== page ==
The Hollywood Reporter reviews GEP friends’ THE TRANSFIGURATION:

An orphaned African-American teen leads a secret life fed by vampire lore in Michael O’Shea’s indie debut, premiering at Cannes in Un Certain Regard.

Wide-ranging references to vampire mythology in literature and cinema are scattered throughout writer-director Michael O’Shea’s low-key but absorbing first feature, The Transfiguration. But what distinguishes this stripped-down anti-horror film — set amid the housing projects and lonely beachfronts of the Rockaways in Queens, New York — is its absence of the supernatural. While death by bloodsucking is very much a factor, this is actually a subdued, contemplative drama about the lingering trauma of grief and the efforts of an introspective teenager to invent an invulnerable persona to shield and ultimately release him.

Genre consumers addicted to fast-cut thrills and gory excesses are unlikely to remain glued to this unapologetically downbeat film, though its acknowledgement of influences from Murnau’s Nosferatu through George A. Romero’s Martin and Kathryn Bigelow’s Near Dark to Tomas Alfredson’s Let the Right One In will stoke some interest in serious aficionados. The core audience is more likely to be admirers of austere indies that bring an unvarnished gaze (and unhurried pacing) to the wounded casualties on the far fringes of metropolitan life.

In that respect, the relatively untrafficked screen setting, a low-income area still somewhat dazed by the physical and economic battering of Hurricane Sandy in 2012, with Manhattan both a subway ride and a world away, adds authenticity. Subtext themes of poverty, race and class are ingrained in the visuals, without the need for commentary. And cinematographer Sung Rae Cho’s tack of viewing the protagonists in wide-shot exteriors that emphasize their solitude in this environment — particularly the shoreline and boardwalk scenes — adds to the melancholy feel.

The movie opens with a sly bit of audience deception in a public restroom, where the sounds emerging from behind a cubicle door and the two pairs of feet visible underneath give the impression of illicit sex. But 14-year-old Milo (Eric Ruffin) is soon revealed to be chowing down on the neck of a facility user, before lifting the dead guy’s cash and making a calm exit.

An introverted black kid bullied at school and called a freak by local gang members, friendless Milo lives under the guardianship of his older brother Lewis (Aaron Clifton Moten), a military vet who spends his days planted on the couch watching mindless TV. It’s suggested that Lewis was once a gang member, but depression over their mother’s suicide has taken its toll on both brothers. Their father died when Milo was eight.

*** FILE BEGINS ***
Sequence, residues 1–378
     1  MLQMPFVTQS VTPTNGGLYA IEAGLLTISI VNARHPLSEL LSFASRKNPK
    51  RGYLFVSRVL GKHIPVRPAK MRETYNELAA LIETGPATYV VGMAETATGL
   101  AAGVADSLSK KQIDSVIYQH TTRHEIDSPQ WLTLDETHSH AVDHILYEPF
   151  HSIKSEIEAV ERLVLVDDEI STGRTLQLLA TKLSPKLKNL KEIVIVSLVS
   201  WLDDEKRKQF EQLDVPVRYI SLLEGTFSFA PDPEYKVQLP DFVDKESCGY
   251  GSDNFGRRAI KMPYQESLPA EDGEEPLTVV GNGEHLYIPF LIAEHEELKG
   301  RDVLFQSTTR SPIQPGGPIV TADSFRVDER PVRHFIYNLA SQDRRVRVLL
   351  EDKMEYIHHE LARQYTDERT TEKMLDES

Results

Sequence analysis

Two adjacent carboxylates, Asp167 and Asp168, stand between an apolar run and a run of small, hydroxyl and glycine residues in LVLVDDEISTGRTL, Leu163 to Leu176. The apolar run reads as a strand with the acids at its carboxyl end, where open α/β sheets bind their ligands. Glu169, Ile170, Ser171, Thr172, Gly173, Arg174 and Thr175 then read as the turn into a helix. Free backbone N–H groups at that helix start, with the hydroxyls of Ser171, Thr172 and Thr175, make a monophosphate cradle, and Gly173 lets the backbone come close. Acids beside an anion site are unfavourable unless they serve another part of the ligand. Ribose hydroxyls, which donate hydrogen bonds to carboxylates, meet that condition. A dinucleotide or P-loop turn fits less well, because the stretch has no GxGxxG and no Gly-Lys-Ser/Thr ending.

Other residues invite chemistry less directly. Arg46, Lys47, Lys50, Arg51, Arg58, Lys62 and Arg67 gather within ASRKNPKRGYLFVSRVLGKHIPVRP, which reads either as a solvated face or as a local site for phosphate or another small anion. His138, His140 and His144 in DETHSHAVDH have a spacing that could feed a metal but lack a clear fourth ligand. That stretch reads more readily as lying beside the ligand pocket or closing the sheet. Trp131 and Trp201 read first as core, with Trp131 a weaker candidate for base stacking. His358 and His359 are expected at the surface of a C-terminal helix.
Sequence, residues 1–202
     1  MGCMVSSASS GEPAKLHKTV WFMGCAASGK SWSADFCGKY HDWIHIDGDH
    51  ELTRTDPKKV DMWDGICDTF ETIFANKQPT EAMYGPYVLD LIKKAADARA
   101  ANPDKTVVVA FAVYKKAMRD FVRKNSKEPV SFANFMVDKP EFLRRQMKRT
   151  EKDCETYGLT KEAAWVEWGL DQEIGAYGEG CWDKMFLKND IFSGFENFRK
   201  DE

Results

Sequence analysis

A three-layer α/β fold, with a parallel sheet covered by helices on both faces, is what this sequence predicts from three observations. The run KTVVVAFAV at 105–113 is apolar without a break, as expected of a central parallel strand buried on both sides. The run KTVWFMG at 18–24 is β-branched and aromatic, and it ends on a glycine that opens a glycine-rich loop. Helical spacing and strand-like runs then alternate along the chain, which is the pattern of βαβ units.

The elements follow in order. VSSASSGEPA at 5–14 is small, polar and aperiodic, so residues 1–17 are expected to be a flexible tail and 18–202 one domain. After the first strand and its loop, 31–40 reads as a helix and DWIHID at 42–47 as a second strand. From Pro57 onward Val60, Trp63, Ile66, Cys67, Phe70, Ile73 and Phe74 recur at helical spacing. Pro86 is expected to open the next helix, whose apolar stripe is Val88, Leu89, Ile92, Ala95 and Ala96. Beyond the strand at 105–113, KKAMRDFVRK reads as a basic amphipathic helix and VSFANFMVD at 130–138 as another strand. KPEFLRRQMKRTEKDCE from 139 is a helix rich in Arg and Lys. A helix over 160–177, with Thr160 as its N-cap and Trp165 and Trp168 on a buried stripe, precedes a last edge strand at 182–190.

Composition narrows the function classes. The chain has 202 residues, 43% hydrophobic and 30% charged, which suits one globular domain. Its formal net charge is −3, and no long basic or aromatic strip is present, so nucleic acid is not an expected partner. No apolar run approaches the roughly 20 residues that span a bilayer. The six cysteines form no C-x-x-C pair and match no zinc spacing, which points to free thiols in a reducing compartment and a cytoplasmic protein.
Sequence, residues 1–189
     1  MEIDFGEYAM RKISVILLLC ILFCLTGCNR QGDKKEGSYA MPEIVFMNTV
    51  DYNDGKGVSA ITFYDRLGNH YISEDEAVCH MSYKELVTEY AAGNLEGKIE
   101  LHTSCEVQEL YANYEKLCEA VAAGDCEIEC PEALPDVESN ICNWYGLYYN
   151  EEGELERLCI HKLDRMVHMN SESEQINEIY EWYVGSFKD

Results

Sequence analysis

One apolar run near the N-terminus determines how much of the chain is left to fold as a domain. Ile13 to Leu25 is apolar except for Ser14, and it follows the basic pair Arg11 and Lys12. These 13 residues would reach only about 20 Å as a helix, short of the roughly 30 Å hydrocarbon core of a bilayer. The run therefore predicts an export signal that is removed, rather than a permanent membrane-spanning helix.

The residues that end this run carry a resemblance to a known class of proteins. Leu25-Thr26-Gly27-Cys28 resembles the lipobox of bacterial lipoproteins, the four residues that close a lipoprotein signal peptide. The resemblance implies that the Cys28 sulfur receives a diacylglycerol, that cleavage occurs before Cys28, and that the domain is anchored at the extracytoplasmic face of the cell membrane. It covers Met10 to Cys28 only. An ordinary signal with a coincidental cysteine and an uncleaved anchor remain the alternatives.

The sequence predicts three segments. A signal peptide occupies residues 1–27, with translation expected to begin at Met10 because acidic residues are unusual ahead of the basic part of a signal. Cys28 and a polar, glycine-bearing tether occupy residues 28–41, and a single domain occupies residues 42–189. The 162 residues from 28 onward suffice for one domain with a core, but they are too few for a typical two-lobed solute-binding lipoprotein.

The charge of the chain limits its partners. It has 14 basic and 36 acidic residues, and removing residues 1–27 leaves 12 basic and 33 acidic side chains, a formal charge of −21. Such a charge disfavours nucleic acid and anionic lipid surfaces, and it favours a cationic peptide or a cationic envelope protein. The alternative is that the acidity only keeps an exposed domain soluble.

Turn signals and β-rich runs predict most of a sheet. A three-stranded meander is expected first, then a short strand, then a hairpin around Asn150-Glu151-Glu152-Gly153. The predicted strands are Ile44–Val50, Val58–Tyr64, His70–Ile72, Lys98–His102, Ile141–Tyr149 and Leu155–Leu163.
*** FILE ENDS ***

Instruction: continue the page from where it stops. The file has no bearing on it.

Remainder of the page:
Milo’s room is his sanctuary, where he watches gruesome nature videos online (scavenger ants devouring prey, lions ripping into an animal carcass) and stashes his loot behind an eclectic stack of VHS vampire flicks, such as The Lost Boys, Fright Night, Nadja and Dracula Untold. (In a jokey reference played straight, he dismisses The Twilight Saga as “unrealistic,” without having seen any of it.) He keeps detailed notebooks full of diagrams and long essays about the rules of hunting and killing.

When a slightly older white girl, Sophie (Chloe Levine), moves into the building to stay with her volatile grandfather, Milo finds an awkward kinship with the fellow orphan, a cutter with self-esteem issues. The film appears to be setting up a twist on the central character dynamic from the terrific Let the Right One In, and alluding to that far superior genre piece does O’Shea no favors. However, the friendship between Milo and Sophie eventually develops in different directions as he purposefully follows a plan that will provide deliverance for her and liberation for him, even if it comes with tragedy.

O’Shea’s storytelling skills sometimes border on the, ahem, anemic, sticking to detached, observational mode when the film could use more muscular forward momentum. But his tenderness toward his characters keeps it watchable. Despite the extreme nature of Milo’s secret life — camping out in Central Park to find victims among the bums that wander the grounds at night — in Ruffin’s internalized performance he is always a damaged boy alone in his pain. The same kind of unshowy rawness characterizes the work of Levine and Moten, yielding several moments that are understated but affecting.

In an insider nod to horror fans, Lloyd Kaufman and Larry Fessenden make brief appearances in ill-fated encounters with Milo. The bloodletting here is a million miles away from the cartoonish schlock violence of Kaufman’s Troma brand, but not entirely unrelated to some of Fessenden’s low-budget early horror films, with their focus on human psychology and social milieu over traditional genre elements. Fessenden’s long association with Kelly Reichardt as a producer also is relevant, given the acknowledged influence here of that filmmaker’s minimalist realism.

O’Shea uses the bursts of droning ambient noise and the somber electronic sounds of Margaret Chardiet’s score to arresting effect. But he’s less interested in creating suspense or pumping up atmosphere than in exploring the ways in which horror, and its intoxicating relationship with death, can be a paradoxical balm for the more earthly cruelties of life. That makes The Transfiguration a difficult movie to classify, but one with an emotional depth that creeps up on you.

Check out the full review at